To maximize muscle growth, a diet with high-quality protein and weight training are key.
So you’re drinking delicious IsaLean® Pro Shakes every morning and at lunch, snacking on Whey ThinsTM between meals, and eating a balanced meal that emphasizes lean portions of protein at dinner—all excellent for maximizing the maintenance of your body’s muscle, especially while losing weight.
But no matter how hard you might wish it were true, you can’t just eat and drink whey protein every day and expect to make serious muscle gains. That takes getting off the couch and into the gym! It can also take some prior knowledge about how to create the right conditions for muscle growth, or hypertrophy.
To begin with, muscle hypertrophy isn’t going to happen overnight and, as you might have guessed, it can’t happen without some effort. It takes time. It takes nutrition. And it takes exercise. The right kind of exercise counts, too.
Intensity matters. Here’s a quick refresher as to why: intense exercise pushes muscle fibers to their limits and causes damage. It’s that damage that causes a cascade of events that leads to cell division and replication, which helps to repair the damaged muscle and form new muscle strands. Those new strands reinforce the muscle fibers, causing them to grow bigger and adapt to greater loads.
Only certain kinds of exercise will cause enough muscle damage to do the job of stimulating muscle’s adaptive response. Walking and jogging on the treadmill, while certainly healthy in their own right, just won’t do. They don’t count as intense.
It should be no surprise that resistance training is king for muscle growth. The evidence of resistance training’s effects on muscle adaptation has been demonstrated repeatedly by scientific studies and can be found on display with a visit to any local gym (1). There are several kinds: lifting free weights, using weight machines, using elastic bands, doing pushups and pullups, etc. Basically, resistance training includes any exercise where muscles contract against an external resistance.
Another type of exercise shown to stimulate muscle adaptation is high-intensity interval training (HIT). The approach of combining both HIT and weight lifting together makes for a quick yet productive workout as long as it is tolerable and performed safely (2). HIT involves repeatedly exercising against a strong resistance at a high intensity for 30 seconds to several minutes followed by a 1- to 5-minute recovery. The exercises that fit into this category can include runners sprinting or cyclists pedaling up a hill as fast as possible for a brief time period in repeated intervals.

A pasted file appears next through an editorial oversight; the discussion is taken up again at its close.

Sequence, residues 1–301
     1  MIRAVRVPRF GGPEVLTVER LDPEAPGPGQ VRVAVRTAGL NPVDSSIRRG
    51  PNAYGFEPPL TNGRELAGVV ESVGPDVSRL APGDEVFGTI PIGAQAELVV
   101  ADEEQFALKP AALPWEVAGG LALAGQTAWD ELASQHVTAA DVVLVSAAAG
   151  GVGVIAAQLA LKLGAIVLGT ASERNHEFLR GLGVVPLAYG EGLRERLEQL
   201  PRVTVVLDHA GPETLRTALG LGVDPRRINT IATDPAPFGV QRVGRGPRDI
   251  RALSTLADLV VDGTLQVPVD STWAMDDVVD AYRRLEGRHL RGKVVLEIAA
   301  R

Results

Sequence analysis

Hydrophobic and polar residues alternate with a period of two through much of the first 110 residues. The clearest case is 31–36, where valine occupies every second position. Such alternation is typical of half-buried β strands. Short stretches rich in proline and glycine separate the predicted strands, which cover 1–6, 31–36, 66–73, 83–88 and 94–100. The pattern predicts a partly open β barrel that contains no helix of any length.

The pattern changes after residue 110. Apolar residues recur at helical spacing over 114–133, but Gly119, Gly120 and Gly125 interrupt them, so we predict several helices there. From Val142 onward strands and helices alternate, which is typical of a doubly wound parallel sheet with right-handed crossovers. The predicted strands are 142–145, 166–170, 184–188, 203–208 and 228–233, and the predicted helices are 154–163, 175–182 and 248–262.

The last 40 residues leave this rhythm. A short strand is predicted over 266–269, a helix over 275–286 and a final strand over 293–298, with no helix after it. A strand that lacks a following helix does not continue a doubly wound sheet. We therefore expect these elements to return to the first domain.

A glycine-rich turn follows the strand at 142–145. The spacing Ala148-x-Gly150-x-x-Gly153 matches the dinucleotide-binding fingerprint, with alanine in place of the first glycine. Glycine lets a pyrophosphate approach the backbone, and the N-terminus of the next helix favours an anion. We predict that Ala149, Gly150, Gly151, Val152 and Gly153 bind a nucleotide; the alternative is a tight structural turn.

Go harder over time
Apart from type of exercise, for muscles to grow they need to be overloaded repeatedly over time. It’s here where the principle of progressive overload becomes important. Progressive overload involves increasing workload gradually over time so that muscles will continually adapt and become larger (1). Otherwise, muscles will stay the same size. Or worse, if loads are too small or infrequent, muscles may decrease in size.
This is certainly observed in sedentary people. But it’s also seen in those who engage in endurance activities such as long-distance running. For these reasons, these athletes are encouraged to cross-train regularly with weights.
Gradually increasing resistance over time is simple—it just takes keeping track of where you are in terms of strength. So, if you’re benching 120 pounds with 10 repetitions every few days for a couple of weeks, make a record of it, and then lift a little more the next couple of weeks.
Be a failure often
Lifting to the point where you can’t lift anymore (without cheating) is called volitional fatigue. Volitional fatigue is thought to be one of the most fundamental factors that prepare muscle fibers for the biological changes that lead to muscle strength, power, and hypertrophy.
Multiple sets to fatigue beat out single sets for muscle strength. Resting between sets can really depend on how large loads are and personal goals. For instance, larger loads followed by longer rests of 1 to 5 minutes are superior for strength or power, while medium loads with rests of 30 to 60 seconds are best for hypertrophy. Smaller loads with high repetitions followed by rests of 20 to 60 seconds may be best for muscle endurance (3, 4).
Exhausting muscle through repeated sets to failure brings with it another huge plus for your health: the depletion of muscle glycogen, or the stores of carbohydrate found in muscles. When this glycogen is gone from muscles, it and other exercise-induced changes in muscle make them highly sensitive to insulin (5).
Power up with protein and carbs post-workout